Adrian Smith a.smith at centenary.usyd.edu.au
Thu May 14 07:52:21 EDT 2009

Hi Jennifer,

Thanks for sharing that - I think it is very helpful.

Might it better to say in your last sentence that if you insist on  
using isotypes then they are best used with FMO controls, ie a sample  
will all isotypes is not particularly useful... or less useful than  
one where an isotype is used on an FMO (... although less than close  
to zero is not really that different I guess :)


Adrian Smith
Centenary Institute, Sydney, Australia

On 14/05/2009, at 3:29 AM, Jennifer Wilshire wrote:

> Hi Flowers,
> I just finished writing up a note for our customers about controls  
> in flow cytometry and this seems like a good opportunity to get  
> feedback to make sure all I'm declaring is true (see below).  It  
> seems to me that focussing on the prevention of false positives is  
> the best way to go, since in most cases we don't have a good way to  
> identify them in our data.
> Feedback and improvements/additions welcome.  If anybody would like  
> a copy of this doc - email me and I'll send it to you.  I've also  
> attached it to this email - but I'm not sure it will go through.
> Jennifer
> A microliter of prevention…
> Isotype controls are not a particularly good control.  While they  
> are meant to be a control for non-specific binding, they are rarely  
> properly matched to the reagent of interest:
> -the Fluorochrome to Protein (F/P) ratio is often not the same
> -the concentration is likely not the same
> If the isotype control’s F/P ratio and concentration are not the  
> same as the reagent of interest, then it isn't a proper control –  
> where ONE thing is different from the experimental condition.
> There are many reasons you might get false positives in flow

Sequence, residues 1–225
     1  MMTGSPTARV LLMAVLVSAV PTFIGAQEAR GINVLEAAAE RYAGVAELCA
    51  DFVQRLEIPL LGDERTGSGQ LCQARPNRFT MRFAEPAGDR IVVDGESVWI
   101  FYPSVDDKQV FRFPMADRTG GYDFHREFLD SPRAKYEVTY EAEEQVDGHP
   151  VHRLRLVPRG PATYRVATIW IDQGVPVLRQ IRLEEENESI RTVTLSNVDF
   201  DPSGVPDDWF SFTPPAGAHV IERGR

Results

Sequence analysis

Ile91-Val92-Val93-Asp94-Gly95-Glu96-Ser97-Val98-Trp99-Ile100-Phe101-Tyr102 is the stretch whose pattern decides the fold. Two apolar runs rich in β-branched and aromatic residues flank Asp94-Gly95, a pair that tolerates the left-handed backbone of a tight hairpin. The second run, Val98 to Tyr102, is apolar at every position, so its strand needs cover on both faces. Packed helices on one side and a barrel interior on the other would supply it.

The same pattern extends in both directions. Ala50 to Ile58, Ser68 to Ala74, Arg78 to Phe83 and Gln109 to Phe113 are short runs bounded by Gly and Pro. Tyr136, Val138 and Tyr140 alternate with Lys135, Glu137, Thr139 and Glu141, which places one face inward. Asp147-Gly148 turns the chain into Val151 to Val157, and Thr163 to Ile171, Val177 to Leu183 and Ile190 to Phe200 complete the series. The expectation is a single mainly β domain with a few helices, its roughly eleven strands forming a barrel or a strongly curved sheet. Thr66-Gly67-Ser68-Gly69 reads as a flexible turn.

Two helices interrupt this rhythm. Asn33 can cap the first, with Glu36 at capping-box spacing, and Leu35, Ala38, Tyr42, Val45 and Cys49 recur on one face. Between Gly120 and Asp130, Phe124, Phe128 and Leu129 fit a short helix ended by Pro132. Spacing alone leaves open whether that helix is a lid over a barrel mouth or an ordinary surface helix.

> cytometry:
> -antibodies binding via Fc receptors
> -true non-specific binding due to protein-protein interactions
> -stickiness of the intracellular matrix
> -dead cells binding antibodies indiscriminately
> -autofluorescence
> -incorrect compensation
> -spreading of populations due to measurement error
> The following chart describes preventative measures that can be  
> taken to prevent false positives; and if that is not possible, at  
> least identify where to place your gates to be confident whether  
> cells are positive or not:
> Avoiding False Positives
> Problem                          Prevention
> --------              	         ----------
> FC receptor binding   	         FC block *
> Non-specific binding 	         Titrate antibodies *
> Intracellular stickiness	 Titrate antibodies *
> Dead cells           	         Viability stains *
> Autofluorescence  	         Use unstained cells as control
> Compensation           	         Proper controls -> use software to  
> calculate
> Spreading           	         FMO controls
> 	                         Bi-Exponential scaling
> 	                         Minimize spreading in important parameters
> In the chart above - you could add "Isotype controls" beside the  
> problems indicated with a star (*).  If isotypes were to work  
> perfectly, they would identify these problems.  However, because  
> isotypes don't work perfectly, preventing the problem is the best  
> method by Fc blocking, viability stains and proper titration.
> Note:  isotype controls and FMO controls have completely different  
> goals.  FMO control came into use at the same time as isotypes  
> started fading from use, so a lot of us viewed FMOs as a proper  
> substitute for isotypes.  However, they DO NOT address the same  
> issues.  FMOs show the spreading due to measurement error and  
> isotypes (attempt to) measure non-specific binding.
> In the end, there is really no good control for non-specific  
> binding, but if you insist on using isotype controls, then you can  
> combine them with the FMO controls to reduce the number of controls.
> -----Original Message-----
>> Of those performing 5 color panels on FC500s, do any of you use  
>> isotype controls-why or why not?
> Jennifer Wilshire
> Memorial Sloan-Kettering Cancer Center
> Zuckerman Building Room Z16-34
> New York, NY
> 10065
> 1-646-888-2381
> wilshirj at mskcc.org
> fccfserver.mskcc.org
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